judicial activism

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judicial activism

n.
Judicial lawmaking that exceeds the proper exercise of judicial authority, especially when concerned with matters ordinarily addressed by a legislature.
ThesaurusAntonymsRelated WordsSynonymsLegend:
Noun1.judicial activism - an interpretation of the U.S. constitution holding that the spirit of the times and the needs of the nation can legitimately influence judicial decisions (particularly decisions of the Supreme Court)
interpreting, rendering, rendition, interpretation - an explanation of something that is not immediately obvious; "the edict was subject to many interpretations"; "he annoyed us with his interpreting of parables"; "often imitations are extended to provide a more accurate rendition of the child's intended meaning"
References in periodicals archive ?
He said that judicial activist present cases of such violations in foreign countries and refuse to present their claims inside the country.
The Palais Royale, a residential tower and the tallest building planned for Mumbai, has met problems in its construction and come under attack from judicial activist NGO Janhit Manch for 'blatant irregularities' .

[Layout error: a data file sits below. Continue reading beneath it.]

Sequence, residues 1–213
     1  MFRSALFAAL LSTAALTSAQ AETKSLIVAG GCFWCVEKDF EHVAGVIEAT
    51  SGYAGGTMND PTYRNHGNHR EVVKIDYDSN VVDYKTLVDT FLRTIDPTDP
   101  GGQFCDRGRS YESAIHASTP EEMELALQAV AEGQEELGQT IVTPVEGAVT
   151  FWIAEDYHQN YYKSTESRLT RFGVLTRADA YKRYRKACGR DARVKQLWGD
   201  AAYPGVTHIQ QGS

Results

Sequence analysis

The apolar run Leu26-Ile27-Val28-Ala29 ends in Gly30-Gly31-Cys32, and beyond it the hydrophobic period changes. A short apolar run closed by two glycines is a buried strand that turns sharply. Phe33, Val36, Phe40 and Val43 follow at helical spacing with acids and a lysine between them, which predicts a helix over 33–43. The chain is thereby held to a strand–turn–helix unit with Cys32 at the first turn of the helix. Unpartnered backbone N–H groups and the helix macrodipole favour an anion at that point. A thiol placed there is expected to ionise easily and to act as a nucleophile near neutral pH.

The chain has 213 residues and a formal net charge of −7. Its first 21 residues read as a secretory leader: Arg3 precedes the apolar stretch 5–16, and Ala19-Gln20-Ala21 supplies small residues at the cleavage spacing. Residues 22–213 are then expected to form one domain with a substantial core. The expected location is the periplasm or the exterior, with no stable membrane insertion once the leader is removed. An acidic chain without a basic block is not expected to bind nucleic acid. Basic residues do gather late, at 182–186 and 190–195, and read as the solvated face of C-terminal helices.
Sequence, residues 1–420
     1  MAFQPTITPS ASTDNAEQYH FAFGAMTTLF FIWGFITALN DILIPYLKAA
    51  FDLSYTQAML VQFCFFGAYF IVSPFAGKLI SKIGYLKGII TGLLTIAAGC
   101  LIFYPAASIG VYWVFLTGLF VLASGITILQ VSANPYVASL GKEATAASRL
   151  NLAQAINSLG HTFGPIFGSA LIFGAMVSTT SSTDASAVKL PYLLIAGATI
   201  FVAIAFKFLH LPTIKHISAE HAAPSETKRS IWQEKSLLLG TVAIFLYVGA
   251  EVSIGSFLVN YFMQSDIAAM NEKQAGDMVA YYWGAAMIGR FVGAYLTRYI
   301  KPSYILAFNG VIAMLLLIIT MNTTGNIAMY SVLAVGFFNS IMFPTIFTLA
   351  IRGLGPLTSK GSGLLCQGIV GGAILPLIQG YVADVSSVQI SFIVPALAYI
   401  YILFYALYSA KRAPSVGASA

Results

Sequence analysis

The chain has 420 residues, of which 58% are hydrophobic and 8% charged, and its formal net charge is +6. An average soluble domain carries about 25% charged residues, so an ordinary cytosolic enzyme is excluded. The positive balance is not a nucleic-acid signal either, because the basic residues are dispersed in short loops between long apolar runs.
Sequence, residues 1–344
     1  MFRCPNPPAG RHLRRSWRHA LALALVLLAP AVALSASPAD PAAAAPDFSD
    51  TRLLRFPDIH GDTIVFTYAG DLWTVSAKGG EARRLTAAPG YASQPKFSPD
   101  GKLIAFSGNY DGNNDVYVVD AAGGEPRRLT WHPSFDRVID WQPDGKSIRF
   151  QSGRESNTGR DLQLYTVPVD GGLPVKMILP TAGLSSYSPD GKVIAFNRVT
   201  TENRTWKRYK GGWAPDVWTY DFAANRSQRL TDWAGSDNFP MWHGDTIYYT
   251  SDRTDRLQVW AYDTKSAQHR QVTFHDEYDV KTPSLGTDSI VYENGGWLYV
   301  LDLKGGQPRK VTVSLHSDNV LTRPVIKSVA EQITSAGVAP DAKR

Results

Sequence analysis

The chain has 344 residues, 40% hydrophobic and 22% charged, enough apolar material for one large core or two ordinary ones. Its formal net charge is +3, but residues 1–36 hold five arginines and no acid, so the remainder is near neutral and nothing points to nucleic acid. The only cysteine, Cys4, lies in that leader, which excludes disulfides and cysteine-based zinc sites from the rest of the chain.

However, Bhagwanji Rayani, a judicial activist who heads the Janhit Manch, an organisation that has filed 55 public interest litigations, believes the 31-storey structure should be confiscated by the government and given back to the public.
These examples, chosen from among legions available, demonstrate that the conservatives have succeeded in defining the debate: a judge is either a judicial activist or a conservative.
Religious Right groups, however, branded Kagan a far-left judicial activist and unleashed a barrage of e-mails and letters against her.
The Arizona senator calls Sotomayor a judicial activist who tried to walk back from that record during her confirmation hearings.
That Arbour, 59, is in the eye of the controversy is no surprise to those who watched her at home, where she earned a reputation on the bench as a left-wing judicial activist.
A legitimate judicial activist who changes the law to accommodate new social realities does so based on society's values, not the judge's personal views, he says.
It's too early to say whether he will be a judicial activist on the court.
Contributing Editor Cathy Young calls out conservative Justice Antonin Scalia as a judicial activist (page 22), and former heroin addict Maia Szalavitz contributes a stirring "defense of happy pills" such as Prozac and Zoloft (page 48).
First, the judicial activist trend is even more dramatic than a review of Supreme Court decisions might suggest.
This judicial activist stampede to redefine marriage is making a mockery of the ideals that our Founding Fathers stood for.